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ADHD Stereotypes

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I abhor prejudice. To decide that someone is unacceptable on some level because of a perceived difference is intolerable to me. I cannot believe that a person is better, or worse for that matter, because of a difference in skin color, faith or religion, political affiliation … the list goes on.

Stereotyping, while a milder form of prejudice, is still a form of prejudice. And it isn’t always milder. Witness racial profiling.

In the same way that some people think that a person with a physical disability has all physical disabilities, a person who has the appearance of the so called “average terrorist” … must be a terrorist.

So what am I on about?

I’ve been thinking about the gift of creativity and how so many of the people with ADHD seem to have an ability to create. But because the issue of prejudice is so dramatic I never connected it. I notice a preponderance of ADHDers at venues where creative folks gather. Last night was another glaring example. Friends of mine were playing a gig at a local café and I couldn’t help but notice that those in attendance were my kind of people.


This morning I realized that I didn’t have the right to make that judgement. Just because several of my like minded acquaintances were there doesn’t mean anything. How many weren’t there? Out of sight, out of mind.

Maybe it’s true that more of us are creative. But not all of us are creative. And not all creative people are ADHDers.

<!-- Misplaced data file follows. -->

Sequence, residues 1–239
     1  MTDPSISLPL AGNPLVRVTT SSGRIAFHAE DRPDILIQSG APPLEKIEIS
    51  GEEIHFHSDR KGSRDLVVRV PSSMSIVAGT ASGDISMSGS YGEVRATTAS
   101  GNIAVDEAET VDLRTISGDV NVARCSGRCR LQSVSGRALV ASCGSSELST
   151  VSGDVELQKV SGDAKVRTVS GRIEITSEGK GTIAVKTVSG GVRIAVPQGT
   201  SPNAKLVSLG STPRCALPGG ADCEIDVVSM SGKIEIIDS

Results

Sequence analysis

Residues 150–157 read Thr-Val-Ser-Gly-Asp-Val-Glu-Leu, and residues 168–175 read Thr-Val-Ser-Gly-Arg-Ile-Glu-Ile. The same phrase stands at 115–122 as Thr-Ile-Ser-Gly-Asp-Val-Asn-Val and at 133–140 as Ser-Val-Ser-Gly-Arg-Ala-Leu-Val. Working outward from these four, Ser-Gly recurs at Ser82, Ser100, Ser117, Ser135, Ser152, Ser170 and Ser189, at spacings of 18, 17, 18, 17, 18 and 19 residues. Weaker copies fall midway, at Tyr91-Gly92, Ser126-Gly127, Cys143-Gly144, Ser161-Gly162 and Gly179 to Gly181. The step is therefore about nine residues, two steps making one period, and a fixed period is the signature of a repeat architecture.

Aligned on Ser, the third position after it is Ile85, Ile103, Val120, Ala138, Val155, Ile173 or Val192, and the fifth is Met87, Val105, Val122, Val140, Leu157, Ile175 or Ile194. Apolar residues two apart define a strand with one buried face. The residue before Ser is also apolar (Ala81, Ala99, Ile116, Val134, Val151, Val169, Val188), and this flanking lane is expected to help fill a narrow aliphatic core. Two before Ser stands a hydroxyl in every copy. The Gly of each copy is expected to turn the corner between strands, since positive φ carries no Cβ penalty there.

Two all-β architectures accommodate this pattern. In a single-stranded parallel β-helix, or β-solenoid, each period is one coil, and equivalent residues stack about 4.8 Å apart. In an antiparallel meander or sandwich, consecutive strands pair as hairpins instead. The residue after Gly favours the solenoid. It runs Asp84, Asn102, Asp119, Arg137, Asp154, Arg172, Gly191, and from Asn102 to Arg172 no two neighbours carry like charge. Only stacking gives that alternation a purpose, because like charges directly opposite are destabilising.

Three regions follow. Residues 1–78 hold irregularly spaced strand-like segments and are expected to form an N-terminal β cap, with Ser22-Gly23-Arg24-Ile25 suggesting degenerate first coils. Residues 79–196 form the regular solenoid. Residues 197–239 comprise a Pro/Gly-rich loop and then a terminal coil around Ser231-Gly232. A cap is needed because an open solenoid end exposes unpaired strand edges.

And not all ADHDers are late, not all ADHDers forget to return their library books, not all ADHDers forget appointments, not all ADHDers … You get the picture I’m sure. There are things that many of us do, but not all of us, not all the time.

I’m intolerant of intolerance

So, I need to apologize. I have been thinking of us as a homogenous collection of similar beings. It’s something I’ve railed against, and now I find I’m guilty of it myself.

I’ve been looking so long and so hard at my symptoms and my foibles, and writing about them that I’ve become even more introspective. And talking with people who share our quirks, hearing from readers who resonate with things I write has fueled this.

I need to pay attention

I need to remind myself that I’m not looking for hallmarks, not looking for a means to identify us, but rather for help for us to feel valued as individuals.

I want people who read my blog and recognize similarities to use that recognition to help them feel less alone, to feel a sense of community. But I want everyone who reads my blog to feel like they are individuals.

So I’m sharing my lesson from last night with you. I will try not to assume anything about you from now on. I’m liable to fail a few times, so please let me know if I start profiling again.

The only thing we ALL have in common is that we are valuable individuals.

ADHD Stereotypes

Kelly Babcock

I was born in the city of Toronto in 1959, but moved when I was in my fourth year of life. I was raised and educated in a rural setting, growing up in a manner I like to refer to as free range. I live in an area where my family history stretches back 6 or more generations. I was diagnosed with ADHD at the age of 50 and have been both struggling with the new reality and using my discoveries to make my life better. I write two blogs here at Psych Central, one about having ADHD and one that is a daily positive affirmation that acts as an example of finding the good in as much of my life as I possibly can.

Find out more about me on my website: writeofway.

email me at ADHD Man

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APA Reference
Babcock, K. (2012). ADHD Stereotypes. Psych Central. Retrieved on May 25, 2020, from


Last updated: 27 Apr 2012
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